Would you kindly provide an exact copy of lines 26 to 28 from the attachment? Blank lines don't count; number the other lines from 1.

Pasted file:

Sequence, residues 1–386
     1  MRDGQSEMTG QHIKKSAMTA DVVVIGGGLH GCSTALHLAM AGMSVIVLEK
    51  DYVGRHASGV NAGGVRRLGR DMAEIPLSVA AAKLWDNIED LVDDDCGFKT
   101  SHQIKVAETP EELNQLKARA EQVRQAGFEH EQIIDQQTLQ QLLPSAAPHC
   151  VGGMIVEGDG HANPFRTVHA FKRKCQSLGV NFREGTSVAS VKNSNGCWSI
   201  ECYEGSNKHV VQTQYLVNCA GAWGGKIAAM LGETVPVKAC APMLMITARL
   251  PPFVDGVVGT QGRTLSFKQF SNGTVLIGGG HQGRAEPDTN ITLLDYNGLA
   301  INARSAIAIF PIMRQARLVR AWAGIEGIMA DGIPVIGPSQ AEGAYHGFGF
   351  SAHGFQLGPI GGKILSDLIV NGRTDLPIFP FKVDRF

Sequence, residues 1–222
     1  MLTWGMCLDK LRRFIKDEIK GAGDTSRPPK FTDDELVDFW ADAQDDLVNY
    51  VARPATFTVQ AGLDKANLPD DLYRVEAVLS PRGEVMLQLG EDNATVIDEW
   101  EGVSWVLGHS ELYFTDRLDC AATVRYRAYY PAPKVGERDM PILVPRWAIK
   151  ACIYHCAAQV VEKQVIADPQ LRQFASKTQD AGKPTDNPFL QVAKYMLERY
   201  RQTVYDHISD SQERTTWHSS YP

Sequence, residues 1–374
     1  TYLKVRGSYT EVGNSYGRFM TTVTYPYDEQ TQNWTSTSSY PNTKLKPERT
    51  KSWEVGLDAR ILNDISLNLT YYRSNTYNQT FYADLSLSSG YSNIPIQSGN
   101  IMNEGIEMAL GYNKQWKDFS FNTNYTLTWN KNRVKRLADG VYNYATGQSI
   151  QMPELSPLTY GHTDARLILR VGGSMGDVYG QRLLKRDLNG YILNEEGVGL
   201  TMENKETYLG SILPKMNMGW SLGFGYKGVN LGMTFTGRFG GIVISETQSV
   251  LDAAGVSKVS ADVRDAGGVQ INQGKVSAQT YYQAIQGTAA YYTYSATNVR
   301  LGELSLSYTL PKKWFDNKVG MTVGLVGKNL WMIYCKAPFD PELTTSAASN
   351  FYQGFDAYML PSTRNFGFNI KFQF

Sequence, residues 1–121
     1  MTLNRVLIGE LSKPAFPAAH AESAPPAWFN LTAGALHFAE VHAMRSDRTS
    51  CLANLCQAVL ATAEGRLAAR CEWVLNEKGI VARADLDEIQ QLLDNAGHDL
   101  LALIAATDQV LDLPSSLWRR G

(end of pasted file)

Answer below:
     1  MTLNRVLIGE LSKPAFPAAH AESAPPAWFN LTAGALHFAE VHAMRSDRTS
    51  CLANLCQAVL ATAEGRLAAR CEWVLNEKGI VARADLDEIQ QLLDNAGHDL
   101  LALIAATDQV LDLPSSLWRR G